Chicken Burger and Chips, written and performed by Corey Bovell and directed by Kwame Asiedu, is a one-man show about growing up in Lewisham, south London, as a young, black teenager, and is currently playing at the Jack Brockley Theatre in Crofton Park.
Corey has just finished college and he’s spending his summer days with the "mandem" in their favourite spot, Morley’s Chicken. Toying between the idea of going to university, or staying on the streets he loves, Corey’s decision becomes apparent when he meets Jodie: an aspiring music journalist who doesn’t have time for a guy who's into anything “dodgy”. Sadly, Corey’s decision is made for him when one incident leads to another, and his life comes to a swift end, courtesy of a cold-blooded knife attack, in the very ends he coveted. Although Corey wasn’t part of a gang, it didn’t stop the papers from making that assumption about how gang violence is blackening the regeneration of Lewisham, while leaving his true aspirations out of his obituary.
Tackling such a hard topic while being witty and full of nostalgia is not an easy line to walk, but Corey did it well. Some parts of the show were a tad messy: in the beginning, you could tell Corey was nervous as he tripped up on a few of his lines. There was also an incident during a simulated sex scene where the bed broke, “but hey, that’s IKEA for you”, as one of the audience members behind me couldn’t help but shout out.
None of that took away from the timeless, underlying focus that is the issue of knife crime. London’s knife crime rates are at a record high and have been increasing steadily for the past decade. Just because the mainstream media has diverted its attention from the subject as it’s too busy spreading fear about Covid-19, it doesn’t mean that it’s any less critical, and that’s exactly what Chicken Burger and Chips reiterates.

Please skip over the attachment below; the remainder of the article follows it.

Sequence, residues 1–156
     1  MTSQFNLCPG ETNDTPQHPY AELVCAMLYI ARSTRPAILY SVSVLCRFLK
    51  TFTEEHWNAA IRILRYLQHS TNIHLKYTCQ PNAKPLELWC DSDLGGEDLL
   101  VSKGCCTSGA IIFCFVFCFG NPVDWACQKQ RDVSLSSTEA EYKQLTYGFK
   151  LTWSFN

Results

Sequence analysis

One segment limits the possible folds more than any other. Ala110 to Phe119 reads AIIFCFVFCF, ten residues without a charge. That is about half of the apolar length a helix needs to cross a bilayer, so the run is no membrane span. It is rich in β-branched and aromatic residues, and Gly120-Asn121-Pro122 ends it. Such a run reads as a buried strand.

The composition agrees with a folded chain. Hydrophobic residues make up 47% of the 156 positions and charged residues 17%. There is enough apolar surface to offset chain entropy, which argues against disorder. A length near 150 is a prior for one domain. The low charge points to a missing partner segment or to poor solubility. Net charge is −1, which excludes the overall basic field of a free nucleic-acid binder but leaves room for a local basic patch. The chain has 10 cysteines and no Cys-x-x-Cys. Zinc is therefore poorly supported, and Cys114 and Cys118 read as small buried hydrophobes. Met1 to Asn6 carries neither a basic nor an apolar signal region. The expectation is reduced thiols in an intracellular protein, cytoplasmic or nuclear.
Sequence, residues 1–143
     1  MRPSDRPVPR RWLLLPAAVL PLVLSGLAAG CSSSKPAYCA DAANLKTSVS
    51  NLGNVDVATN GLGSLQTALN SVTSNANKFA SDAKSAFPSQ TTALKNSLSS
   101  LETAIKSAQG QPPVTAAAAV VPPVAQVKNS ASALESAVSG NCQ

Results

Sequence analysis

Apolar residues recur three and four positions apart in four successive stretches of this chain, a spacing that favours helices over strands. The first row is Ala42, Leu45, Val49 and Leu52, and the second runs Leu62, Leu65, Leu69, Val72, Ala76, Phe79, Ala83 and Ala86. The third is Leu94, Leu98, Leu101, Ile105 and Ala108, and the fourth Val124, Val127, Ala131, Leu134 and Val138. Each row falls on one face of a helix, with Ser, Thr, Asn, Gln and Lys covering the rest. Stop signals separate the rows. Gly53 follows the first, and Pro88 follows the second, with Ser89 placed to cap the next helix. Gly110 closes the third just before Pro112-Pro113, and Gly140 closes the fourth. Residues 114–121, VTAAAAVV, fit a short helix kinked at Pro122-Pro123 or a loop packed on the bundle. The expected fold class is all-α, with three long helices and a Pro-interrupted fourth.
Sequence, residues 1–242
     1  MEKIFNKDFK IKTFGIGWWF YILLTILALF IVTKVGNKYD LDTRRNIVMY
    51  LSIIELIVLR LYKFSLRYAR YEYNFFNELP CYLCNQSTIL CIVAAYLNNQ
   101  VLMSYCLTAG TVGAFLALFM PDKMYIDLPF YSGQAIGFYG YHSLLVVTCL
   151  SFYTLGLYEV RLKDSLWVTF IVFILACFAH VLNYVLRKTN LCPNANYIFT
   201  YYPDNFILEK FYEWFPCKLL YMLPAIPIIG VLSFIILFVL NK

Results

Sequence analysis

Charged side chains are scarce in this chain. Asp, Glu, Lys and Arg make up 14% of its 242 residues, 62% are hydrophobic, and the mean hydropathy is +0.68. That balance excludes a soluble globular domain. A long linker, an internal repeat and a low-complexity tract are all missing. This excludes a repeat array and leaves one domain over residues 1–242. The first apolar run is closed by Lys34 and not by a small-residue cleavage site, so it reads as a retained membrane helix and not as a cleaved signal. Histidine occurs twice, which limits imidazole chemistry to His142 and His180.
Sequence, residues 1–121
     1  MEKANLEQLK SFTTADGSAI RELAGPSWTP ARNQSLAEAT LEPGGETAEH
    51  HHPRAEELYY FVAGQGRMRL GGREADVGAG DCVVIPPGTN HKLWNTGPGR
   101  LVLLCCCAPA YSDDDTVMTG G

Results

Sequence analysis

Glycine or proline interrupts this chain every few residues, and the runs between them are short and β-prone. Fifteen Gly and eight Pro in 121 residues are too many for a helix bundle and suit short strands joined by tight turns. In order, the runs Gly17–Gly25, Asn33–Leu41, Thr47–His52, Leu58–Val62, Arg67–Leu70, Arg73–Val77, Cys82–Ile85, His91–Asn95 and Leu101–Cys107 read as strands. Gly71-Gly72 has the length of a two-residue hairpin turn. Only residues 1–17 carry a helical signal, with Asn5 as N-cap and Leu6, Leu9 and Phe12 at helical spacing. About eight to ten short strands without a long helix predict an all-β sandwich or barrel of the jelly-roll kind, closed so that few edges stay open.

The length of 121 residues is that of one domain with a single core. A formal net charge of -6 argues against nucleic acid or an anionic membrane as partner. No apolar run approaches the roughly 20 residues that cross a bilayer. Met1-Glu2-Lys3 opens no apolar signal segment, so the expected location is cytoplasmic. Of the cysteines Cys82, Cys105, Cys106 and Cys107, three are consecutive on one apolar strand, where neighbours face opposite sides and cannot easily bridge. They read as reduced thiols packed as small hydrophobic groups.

Those familiar with south London and the culture that surrounds it would’ve found themselves reminiscing with Corey about everything that made south iconic. The black market, Morley’s, Corey even made an ode to the different characteristics that separate people from Peckham and those from Lewisham, and the audience shared a lot of laughs because of it.
Chicken Burger and Chips speaks for the guys in the middle. The guys who don’t get into trouble, but don’t do all they can to avoid it either. Suffering a fate like Corey’s is not all about being on the wrong side of the tracks, it’s about noticing what’s bad for you before it has the chance to bring you down. Corey knew that some of his friends weren’t the most honourable, but he made sure to keep out of the trouble that, at times, followed them around. Yet, he still ended up paying for the mistakes of others, simply by association. Corey wasn’t violent; he didn’t cause trouble, nor did he come from a broken home; all common stereotypes of those associated with knife crime. Yet, his life still ended in a way most parents fear for their children.
Chicken Burger and Chips has attempted to break down the walls, and the stereotypes that society associate with knife crime in a simple but effective way. It challenges how society doesn’t or can’t separate the colour of a person’s skin from the crimes that occur. If you’re black and you’ve been stabbed, you must’ve been in a gang. Chicken Burger and Chips is a tale that young boys should take the time to acknowledge because it reminds you that you do have other options, and you shouldn’t let the allure of a particular lifestyle stop you from doing what deep down in your heart you know is right.
As Corey said, in life, some people are red, some amber and some green. Spotting the difference in people early on, letting the right people influence you and limiting your interactions with those that don’t, could be the difference between life and death.
Overall, Chicken Burger and Chips is championing the sort of the message we should never stop sharing with those who feel as if they only have one option.